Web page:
Monday, October 24, 2011

Dad's Alzheimer's

As long back as my memory serves me, until his retirement, my Dad valued a hard days work. He felt that if you put in a hard days work you should be rewarded for it. He was an entrepreneur who treated his employees not only well but with respect. He taught his children that no one, not even he was "above" scrubbing the toilets and sweeping the floor. He proved his values by walking the walk, not just talking the talk, in his daily actions. Employees were given raises based not just on how long they worked there, but how hard they worked. Something that has been lost now in most companies. 

Though he valued the family business he built, #1 in his life would always be my Mom, his wife, Carolyn. They not only worked together, they golfed together, vacationed together. He truly never tired of her company, because he adored her up until the very end.

As for him as a Father, the time that I remember most when I was growing up was him coming down to the track when I used to run, and helping me with my long jump. Over and over he would help me get my steps just right to hit that board, measure how far I went, and give me advice. I'm sure he would have liked to take his one and only day off work and take a much needed nap (which he also enjoyed) but he seemingly did this with joy.

Once my Father and Mother retired to Florida my mother almost immediately became sick. All the things that my Mother once did, now my Father would have to do as a care taker.  He took care of all his usual chores, and now hers as well as she slowly became unable to do them. Then He got sick. He had to have an aortic anyerism  repaired (he had one also when he was 55) which would forever change his physical abilities, but would also save his life. After that they knew they would need help from family and moved back to Illinois.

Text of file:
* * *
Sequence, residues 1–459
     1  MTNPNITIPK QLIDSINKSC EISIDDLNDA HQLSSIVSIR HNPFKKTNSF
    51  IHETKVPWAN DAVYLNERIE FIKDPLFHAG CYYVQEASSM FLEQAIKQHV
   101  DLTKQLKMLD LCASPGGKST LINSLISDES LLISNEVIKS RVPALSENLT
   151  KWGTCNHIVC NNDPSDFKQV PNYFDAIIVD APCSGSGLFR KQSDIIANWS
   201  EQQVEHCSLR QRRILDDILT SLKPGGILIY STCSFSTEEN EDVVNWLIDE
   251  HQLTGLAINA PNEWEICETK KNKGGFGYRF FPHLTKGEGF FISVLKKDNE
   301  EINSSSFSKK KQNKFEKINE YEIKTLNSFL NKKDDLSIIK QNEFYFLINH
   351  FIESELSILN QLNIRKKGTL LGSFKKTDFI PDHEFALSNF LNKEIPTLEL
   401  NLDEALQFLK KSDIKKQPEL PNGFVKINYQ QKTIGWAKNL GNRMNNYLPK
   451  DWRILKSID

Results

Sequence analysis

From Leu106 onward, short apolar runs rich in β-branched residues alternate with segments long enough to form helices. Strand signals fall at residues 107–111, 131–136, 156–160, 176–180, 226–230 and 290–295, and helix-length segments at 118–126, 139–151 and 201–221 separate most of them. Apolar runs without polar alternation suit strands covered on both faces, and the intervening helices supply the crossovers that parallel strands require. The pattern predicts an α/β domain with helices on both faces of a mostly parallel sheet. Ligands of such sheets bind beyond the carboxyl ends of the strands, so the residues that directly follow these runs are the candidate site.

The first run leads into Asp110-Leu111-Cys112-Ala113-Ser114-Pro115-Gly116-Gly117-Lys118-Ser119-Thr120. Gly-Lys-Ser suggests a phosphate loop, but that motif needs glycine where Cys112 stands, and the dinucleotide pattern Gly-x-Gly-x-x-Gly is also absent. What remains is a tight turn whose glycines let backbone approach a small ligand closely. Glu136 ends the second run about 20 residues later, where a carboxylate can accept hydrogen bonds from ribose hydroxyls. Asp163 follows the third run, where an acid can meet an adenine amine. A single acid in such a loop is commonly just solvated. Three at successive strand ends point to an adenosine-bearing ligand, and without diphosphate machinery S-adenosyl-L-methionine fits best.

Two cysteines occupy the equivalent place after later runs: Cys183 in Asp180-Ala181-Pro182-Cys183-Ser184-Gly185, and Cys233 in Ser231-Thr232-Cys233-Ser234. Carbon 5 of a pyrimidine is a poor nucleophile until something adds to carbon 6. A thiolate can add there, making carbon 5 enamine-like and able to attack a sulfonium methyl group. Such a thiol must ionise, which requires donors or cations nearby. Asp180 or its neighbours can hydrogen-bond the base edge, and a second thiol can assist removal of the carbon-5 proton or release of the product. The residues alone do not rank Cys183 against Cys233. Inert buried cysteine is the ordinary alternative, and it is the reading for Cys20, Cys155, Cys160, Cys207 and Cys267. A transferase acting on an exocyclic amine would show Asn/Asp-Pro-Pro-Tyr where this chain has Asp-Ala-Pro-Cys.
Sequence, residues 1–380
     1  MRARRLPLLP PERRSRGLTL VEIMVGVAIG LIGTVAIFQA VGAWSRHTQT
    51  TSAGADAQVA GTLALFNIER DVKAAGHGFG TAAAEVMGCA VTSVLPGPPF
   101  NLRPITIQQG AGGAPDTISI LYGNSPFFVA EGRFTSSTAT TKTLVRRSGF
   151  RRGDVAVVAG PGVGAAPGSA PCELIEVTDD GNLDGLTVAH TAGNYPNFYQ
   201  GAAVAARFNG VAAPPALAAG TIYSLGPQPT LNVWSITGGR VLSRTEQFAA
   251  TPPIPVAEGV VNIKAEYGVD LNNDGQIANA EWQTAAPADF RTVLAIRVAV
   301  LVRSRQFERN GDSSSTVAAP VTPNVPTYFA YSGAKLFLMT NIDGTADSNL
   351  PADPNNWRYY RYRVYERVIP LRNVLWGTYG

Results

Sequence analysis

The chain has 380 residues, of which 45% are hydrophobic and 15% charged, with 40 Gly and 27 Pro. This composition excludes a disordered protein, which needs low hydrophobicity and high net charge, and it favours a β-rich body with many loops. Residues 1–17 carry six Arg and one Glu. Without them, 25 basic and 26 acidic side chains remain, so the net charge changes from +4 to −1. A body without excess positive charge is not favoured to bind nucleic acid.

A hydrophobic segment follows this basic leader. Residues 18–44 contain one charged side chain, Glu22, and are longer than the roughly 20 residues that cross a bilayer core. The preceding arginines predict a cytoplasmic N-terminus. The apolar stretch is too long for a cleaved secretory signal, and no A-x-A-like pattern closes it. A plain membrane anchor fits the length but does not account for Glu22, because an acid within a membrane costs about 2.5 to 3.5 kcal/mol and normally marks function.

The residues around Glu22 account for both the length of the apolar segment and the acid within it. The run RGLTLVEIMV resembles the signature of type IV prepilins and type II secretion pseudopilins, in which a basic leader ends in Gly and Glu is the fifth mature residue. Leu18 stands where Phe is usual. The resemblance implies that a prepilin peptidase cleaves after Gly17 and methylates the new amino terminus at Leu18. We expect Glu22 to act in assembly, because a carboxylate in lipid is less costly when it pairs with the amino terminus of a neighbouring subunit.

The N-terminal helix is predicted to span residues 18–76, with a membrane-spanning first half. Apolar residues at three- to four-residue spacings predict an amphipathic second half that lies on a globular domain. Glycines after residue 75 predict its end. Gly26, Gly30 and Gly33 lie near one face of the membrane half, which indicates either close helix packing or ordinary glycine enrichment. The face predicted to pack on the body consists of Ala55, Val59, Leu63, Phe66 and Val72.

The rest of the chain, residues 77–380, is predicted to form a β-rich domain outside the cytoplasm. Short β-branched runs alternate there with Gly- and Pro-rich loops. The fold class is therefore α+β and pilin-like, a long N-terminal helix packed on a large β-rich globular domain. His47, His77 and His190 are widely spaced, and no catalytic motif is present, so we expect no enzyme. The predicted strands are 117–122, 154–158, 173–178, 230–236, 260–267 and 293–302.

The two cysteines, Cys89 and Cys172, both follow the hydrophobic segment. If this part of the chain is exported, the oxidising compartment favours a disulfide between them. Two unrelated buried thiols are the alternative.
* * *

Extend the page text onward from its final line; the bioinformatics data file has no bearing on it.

After being here about a year, they moved into an assisted living home, and very soon after Mom had to live permanently in a full time health care facility. She required 24/7 one on one care. It broke my Fathers heart. Being with her seeing her deteriorate broke his heart, yet also being separated from her broke his heart. Faithfully, each and every single day for the rest of her life, he would go and visit her for one hour in the morning, and one hour in the evening, at the same time everyday.

Now fast forward to today. Dad lives with Scott and I. He has mid stage Alzheimer's. He was over medicating himself and ended up in the hospital with kidney failure and we knew it was time for him to move in. He can still converse but his short term memory is literally gone. His long term memory is now getting very muddied to say the least. He doesn't even remember how my Mother passed away, nor how he proposed to her. This woman he adored so very much. Having said all that he can still play 9 holes of golf once a week, and watches Wheel of Fortune with us Monday - Saturday when we have dinner together. I truly do cherish every single day that I have with my Father. He was always the rock of our family. It is an honor to be able to give back a little after he gave so very much.

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